Advent is a time of waiting. I have been told that since childhood. But as I’ve read thru the Bible (several times now), I’ve come to realize that waiting is not just part of Advent. Waiting is and always will be part of life with God. There are at least 8 places in the Psalms (depending on which translation you read) where a psalmist writes about “waiting” for God (For example, “Wait for the Lord, and keep to his way – Psalm 37:34). There are another 10 verses in the prophets where the prophet instructs the people of Israel to wait for God (“Those who wait for the Lord , shall renew their strength, they shall mount up with wings like eagles” – Isaiah 40:31), or where God speaks thru the prophet telling the people to wait for God (“Wait for me,” says the Lord, “for the day when I arise as a witness.” – Zephaniah 3:8).
So, waiting is part of faith, since God’s timing is not our timing. As Jesus told his disciples just before he ascended to heaven, “It’s not for you to know the times or periods that the Father has set by his own authority.”
During Advent, the waiting is a bit different. And yet, still the same. During Advent we spend 4 weeks waiting for the day we’ve set aside to commemorate the birth of Jesus, the Messiah. So, we know that our waiting will come to an end. We wait for 4 weeks and a few days. Then we’ll again see the fulfillment of God’s promise with the birth of Jesus.
But the waiting is also still the same, for we are also waiting for Christ’s return and for the Kingdom of God to be realized here on earth. We wait, not knowing when we will be able to rejoice in the peace of the Kingdom. And that’s why I like to think of Advent as a time of practice. A time that can help us realize the importance “waiting” has in our relationship with God, and in our living life in God’s time, instead of our own.
Living in our world today, we spend a lot of time waiting, but sometimes it becomes a “depressive” waiting – we wait to see something meaningful in the midst of all the loneliness and poverty and sickness and death that seems so prevalent in our world. We wait for an end to violence in our streets and our schools and in nations where war seems to go on forever. We wait for an end to the greed and inhumanity of individuals and nations. And it can seem like the waiting will never end and the Kingdom will never come.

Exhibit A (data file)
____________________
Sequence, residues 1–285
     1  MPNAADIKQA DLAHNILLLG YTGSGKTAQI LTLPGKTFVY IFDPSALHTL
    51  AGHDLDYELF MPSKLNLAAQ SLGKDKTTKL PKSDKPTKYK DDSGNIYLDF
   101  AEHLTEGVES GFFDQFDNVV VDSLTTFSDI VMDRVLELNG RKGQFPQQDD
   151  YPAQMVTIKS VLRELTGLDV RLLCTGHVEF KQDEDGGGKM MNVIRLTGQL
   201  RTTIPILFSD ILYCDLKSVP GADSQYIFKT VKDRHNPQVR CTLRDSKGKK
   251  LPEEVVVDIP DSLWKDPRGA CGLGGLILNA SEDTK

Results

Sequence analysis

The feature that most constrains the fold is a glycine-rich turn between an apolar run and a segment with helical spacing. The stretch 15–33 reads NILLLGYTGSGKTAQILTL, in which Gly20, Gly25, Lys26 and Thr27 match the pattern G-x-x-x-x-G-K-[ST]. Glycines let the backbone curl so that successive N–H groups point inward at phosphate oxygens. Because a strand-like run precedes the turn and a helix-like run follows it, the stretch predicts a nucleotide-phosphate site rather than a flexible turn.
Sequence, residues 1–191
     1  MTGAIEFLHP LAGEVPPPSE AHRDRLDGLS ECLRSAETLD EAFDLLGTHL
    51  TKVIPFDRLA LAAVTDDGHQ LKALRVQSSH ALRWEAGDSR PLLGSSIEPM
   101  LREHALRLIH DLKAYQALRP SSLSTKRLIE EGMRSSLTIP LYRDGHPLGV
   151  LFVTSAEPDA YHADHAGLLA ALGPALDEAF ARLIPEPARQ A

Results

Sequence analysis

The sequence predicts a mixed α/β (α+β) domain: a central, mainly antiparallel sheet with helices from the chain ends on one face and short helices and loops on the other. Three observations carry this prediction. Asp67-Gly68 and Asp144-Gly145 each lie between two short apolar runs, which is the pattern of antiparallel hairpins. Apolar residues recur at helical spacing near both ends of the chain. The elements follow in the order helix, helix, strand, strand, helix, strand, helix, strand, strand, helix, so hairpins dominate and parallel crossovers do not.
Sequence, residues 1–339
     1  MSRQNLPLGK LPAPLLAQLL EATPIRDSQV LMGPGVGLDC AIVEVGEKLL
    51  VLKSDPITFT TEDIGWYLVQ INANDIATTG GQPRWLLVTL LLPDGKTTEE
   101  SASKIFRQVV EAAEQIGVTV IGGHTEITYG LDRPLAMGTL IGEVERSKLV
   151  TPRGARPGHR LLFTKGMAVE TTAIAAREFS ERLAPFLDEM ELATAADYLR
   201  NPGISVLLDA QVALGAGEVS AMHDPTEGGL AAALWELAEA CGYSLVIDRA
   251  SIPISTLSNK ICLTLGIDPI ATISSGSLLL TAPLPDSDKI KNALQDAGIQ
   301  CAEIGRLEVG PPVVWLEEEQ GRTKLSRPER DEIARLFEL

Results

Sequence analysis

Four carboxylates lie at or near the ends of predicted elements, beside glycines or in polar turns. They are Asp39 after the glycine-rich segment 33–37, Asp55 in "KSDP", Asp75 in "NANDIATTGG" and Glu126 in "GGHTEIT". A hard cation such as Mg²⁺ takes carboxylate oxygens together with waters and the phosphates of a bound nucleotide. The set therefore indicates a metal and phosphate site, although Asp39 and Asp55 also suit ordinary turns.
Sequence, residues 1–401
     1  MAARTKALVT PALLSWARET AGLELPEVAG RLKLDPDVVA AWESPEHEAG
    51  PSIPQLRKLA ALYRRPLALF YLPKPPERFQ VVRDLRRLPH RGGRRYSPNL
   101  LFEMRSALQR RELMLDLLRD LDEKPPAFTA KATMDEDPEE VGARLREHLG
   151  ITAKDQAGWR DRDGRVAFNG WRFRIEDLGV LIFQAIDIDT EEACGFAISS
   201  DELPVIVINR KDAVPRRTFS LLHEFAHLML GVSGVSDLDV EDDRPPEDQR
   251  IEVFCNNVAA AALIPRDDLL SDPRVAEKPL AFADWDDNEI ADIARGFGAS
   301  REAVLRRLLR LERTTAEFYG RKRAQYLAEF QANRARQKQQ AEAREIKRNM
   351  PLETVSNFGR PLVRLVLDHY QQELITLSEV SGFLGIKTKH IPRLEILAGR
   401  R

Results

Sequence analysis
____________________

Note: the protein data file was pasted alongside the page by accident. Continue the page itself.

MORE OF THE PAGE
But the scriptures remind us that we don’t wait alone. The psalmist who also waited begins with these words from the heart: “Out of the depths I cry to you, O Lord…I wait for the Lord, my soul waits, and in his word I hope.” (Psalm 130:1,5). He or she seems to know something of how we humans all get trapped in our own darkness and dark places. But the psalmist turns his/her attention to that which brings relief and comfort as we wait: The coming of the Lord and the promise of his forgiving Word.
In the midst of our waiting, the Lord, our still speaking, still acting God comes, just as He did in the first Advent. In the darkness of night, which we like the shepherds know all too well, He came as a gift of hope. And in hope-filled faith we claim that this same Christ who came for us all, is with us always, even to the end of the age. And someday, He will usher in a new world, where “the wolf will live with the lamb…for all the earth will be filled with the knowledge of the Lord.”
So, we wait for that day, in faith and with hope, trusting that our active, living God will raise up the right people at the right time, and the Kingdom of God WILL come to earth…in God’s time.
That doesn’t mean we don’t have a part to play in the work of God’s coming Kingdom. Ours is never a “laying around” waiting. God still calls us to “actively” do the work of growing the Kingdom in small but meaningful ways – helping a neighbor, feeding and housing the homeless, sheltering the abused, welcoming the alien, standing up for the oppressed. And that means Advent is a time for each of us to awaken to the truth that we are one of the “right people” God has raised up in this time, to help fulfill God’s plan in God’s time.
Happy waiting! — Pastor Mark
I believe that I shall see the goodness of the Lord in the land of the living.
Wait for the Lord; be strong and let your heart take courage; wait for the Lord! – Psalm 27:13-14